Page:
An eviction complaint must: include a copy of the current written lease and any relevant lease addenda; include an accounting or statement listing the amounts of unpaid rent (if the eviction is based on unpaid rent); identify the specific clauses in the lease that have been violated (if the complaint alleges breach of lease); identify the conduct in question that constitutes a violation of 504B.171; attach a copy of the notice to vacate or notice to quit if alleging holding over; state in the complaint whether the tenancy is affected by a federal or state housing subsidy program through Sec. 8, the low income housing tax credit program, or any other similar program; and, if so, include the name of the agency that administers the housing subsidy program.

I can’t speak for other attorneys who represent landlords, but I tend to do this anyway. 

Dismissal and expungement of nonconforming complaint

If landlord files a complaint that does not comply, the court must dismiss and expunge the eviction from the tenant’s record. However, if the complaint complies, the court administrator will issue a summons that contains additional resources for tenants.

Landlords who are pro se, and attorneys who represent landlords, should make sure to attach the required addenda to the eviction complaint, or the complaint will be dismissed and expunged. But even if the landlord files a nonconforming eviction complaint, I tend to think it still affords opportunities for settlement discussions with the tenant.

Additional requirements for affidavit of plaintiff

If filing an affidavit of plaintiff, the landlord must include that the landlord has communicated to the defendant that an eviction hearing has been scheduled, including the date, time, and place of the hearing specified in the summons, by a form of written communication that the plaintiff regularly uses to communicate with the defendant that includes a time and date stamp.

I don’t understand the necessity of this statute, because the court administrator is already required to issue a summons with exactly the same information. If a landlord files an affidavit of plaintiff, the landlord should include the requisite language. If the landlord communicates what is required to the tenant by letter, I would put it in big, bold, all-capital letters “DATE AND TIME STAMP.” And I would file that letter with the court to show compliance with the statute.

Tenant not required to post bond or other security to get a trial unless trial is more than 10 days away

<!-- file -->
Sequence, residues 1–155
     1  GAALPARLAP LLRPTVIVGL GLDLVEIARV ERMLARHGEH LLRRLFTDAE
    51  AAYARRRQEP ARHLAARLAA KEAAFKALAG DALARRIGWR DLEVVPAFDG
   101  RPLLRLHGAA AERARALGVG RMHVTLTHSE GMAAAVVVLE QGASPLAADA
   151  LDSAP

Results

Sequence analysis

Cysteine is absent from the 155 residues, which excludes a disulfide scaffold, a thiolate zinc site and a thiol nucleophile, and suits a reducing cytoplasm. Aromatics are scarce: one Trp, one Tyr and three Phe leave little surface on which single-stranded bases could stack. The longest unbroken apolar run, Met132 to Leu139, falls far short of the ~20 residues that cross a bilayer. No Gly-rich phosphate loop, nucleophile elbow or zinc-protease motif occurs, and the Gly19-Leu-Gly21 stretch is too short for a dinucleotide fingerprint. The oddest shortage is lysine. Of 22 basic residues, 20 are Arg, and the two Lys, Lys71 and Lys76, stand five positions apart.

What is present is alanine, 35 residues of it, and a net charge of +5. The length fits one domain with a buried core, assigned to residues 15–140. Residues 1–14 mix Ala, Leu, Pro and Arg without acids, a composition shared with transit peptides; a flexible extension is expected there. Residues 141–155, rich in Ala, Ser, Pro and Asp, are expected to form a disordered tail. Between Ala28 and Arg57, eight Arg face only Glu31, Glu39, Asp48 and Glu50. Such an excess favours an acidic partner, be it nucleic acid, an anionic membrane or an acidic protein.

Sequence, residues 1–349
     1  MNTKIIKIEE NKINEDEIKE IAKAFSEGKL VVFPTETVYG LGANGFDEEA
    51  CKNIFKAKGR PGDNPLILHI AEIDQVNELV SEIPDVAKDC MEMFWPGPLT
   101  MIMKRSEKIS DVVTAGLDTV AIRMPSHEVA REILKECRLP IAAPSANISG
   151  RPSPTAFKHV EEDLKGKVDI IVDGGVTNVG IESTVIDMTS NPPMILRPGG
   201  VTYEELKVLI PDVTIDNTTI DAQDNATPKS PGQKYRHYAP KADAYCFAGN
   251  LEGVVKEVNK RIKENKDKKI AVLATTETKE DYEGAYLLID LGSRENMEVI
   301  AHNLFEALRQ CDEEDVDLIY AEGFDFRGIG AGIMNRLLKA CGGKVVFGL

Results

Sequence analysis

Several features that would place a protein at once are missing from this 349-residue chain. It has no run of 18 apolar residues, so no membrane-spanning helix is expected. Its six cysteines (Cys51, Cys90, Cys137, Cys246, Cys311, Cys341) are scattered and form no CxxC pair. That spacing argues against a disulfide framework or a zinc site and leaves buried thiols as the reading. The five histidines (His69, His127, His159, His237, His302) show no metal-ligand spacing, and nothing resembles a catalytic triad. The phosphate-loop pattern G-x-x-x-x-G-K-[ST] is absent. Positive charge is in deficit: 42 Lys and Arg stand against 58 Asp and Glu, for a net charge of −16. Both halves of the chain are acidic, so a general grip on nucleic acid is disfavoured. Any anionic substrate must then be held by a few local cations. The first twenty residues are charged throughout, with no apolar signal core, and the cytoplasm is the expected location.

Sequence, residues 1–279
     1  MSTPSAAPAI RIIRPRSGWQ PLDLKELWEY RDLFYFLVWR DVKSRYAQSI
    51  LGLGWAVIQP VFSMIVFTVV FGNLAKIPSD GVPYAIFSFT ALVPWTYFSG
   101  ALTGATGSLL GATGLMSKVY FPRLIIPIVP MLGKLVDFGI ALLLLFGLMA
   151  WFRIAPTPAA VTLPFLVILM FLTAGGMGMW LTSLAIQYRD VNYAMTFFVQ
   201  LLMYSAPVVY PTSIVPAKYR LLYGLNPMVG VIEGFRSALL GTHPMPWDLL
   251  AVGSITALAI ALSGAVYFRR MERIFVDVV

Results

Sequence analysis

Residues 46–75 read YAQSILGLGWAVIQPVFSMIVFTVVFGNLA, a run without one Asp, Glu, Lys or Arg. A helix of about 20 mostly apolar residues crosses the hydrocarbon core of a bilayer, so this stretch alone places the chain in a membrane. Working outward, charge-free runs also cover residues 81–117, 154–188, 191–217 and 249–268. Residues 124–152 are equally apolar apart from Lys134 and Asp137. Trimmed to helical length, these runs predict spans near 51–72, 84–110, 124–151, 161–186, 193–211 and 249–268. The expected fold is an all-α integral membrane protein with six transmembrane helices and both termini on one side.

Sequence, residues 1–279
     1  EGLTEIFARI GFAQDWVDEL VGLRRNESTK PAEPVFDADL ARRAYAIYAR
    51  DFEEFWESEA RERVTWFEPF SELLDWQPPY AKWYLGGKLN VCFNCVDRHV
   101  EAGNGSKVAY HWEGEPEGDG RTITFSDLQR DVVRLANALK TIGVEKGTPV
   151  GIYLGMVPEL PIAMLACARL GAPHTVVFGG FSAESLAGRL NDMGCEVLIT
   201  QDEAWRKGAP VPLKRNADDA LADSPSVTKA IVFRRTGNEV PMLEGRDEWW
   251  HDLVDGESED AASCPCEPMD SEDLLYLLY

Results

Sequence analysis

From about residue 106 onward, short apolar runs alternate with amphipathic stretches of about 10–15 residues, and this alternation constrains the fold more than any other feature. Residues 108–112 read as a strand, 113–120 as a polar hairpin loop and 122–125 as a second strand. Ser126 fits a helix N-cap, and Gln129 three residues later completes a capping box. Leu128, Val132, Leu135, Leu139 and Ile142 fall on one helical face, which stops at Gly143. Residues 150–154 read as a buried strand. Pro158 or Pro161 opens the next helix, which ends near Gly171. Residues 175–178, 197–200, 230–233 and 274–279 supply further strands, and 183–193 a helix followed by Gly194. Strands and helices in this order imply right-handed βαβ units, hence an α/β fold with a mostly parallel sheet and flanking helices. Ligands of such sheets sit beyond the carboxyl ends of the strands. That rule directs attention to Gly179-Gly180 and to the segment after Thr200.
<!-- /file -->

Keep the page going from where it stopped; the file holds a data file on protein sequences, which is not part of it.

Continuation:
If a tenant requests a trial, the court may not require the tenant to post bond or other security, unless the date of the trial is more than 10 days away. In that case, the court may order security in an amount deemed appropriate by the court. Further, when scheduling a trial, the court must select a date that allows for a fair, thorough, and timely adjudication of the merits of the case, including the complexity of the matter, the need for the parties to obtain discovery, the need for the parties to ensure the presence of witnesses, the opportunity for the defendant to seek legal counsel and raise affirmative defenses, and any extenuating factors enumerated under section 504B.171.

Some tenants request a trial thinking that it will get them more time. Tenants who have decided that they need more time to move out should simply ask the landlord—they may be very surprised by the results. From the landlord’s perspective, I would request that trial be scheduled more than 10 days in advance so that the landlord (or landlord’s attorney) can ask the court under the statute to require that the tenant post the requisite security.

Stay of writ of recovery

The court can stay the writ of recovery for up to seven days, unless the eviction is brought for nonpayment, illegal activity, serious endangerment, or intentional and serious property damage.

Currently, the writ of recovery can be stayed for up to seven  days, regardless of why the eviction is brought. Under this statute, however, the writ cannot be stayed for evictions based on nonpayment, illegal activity, serious endangerment, or intentional and serious property damage.

As such, this is a boon to landlords—and attorneys representing landlords—who bring evictions for the reasons outlined in the statute. This statute will provide leverage to landlords to use in negotiating settlement agreements.


If the defendant appeals, courts may order the defendant to pay a bond but cannot include back rent, late fees, disputed charges, or any other amount in excess of regular rent as it accrues each month.

This statute limits the authority of the court to require a tenant to pay a bond for more than the amount of monthly rent as it accrues if the tenant appeals. The law will have the effect of encouraging tenants to appeal as a way of getting more time. I suspect that attorneys who represent tenants will threaten appeals as a way of forcing a landlord to agree to a settlement agreement that the landlord might not otherwise agree to.

484.014: Expungement. The court may order expungement if the interests of justice are not outweighed by the public’s right to know about the eviction. A court will, without motion of either party, order expungement for the following additional reasons:

(2) if the defendant prevailed on the merits;

(3) if the court dismissed the plaintiff’s complaint for any reason;

(4) if the parties to the action have agreed to an expungement;

(5) three years after the eviction was ordered; or

(6) upon motion of a defendant, if the case is settled and the defendant fulfills the terms of the settlement.

An eviction filing is not accessible to the public until the court enters a final judgment on the matter.

(In an order dated August 8, 2023 [ADM 10 – 8050], however, the Minnesota Supreme Court abrogated the portion of the statute relating to eviction filings being nonpublic, presumably on separation of powers grounds, saying that “[e]viction records are public except as authorized by court rules or court order.”) 

This statute is both positive and negative for landlords. As a general rule, I do not encourage landlords to oppose expungement except in extraordinary circumstances. But both parties have to agree to expunge an eviction, and this may encourage more settlement discussions.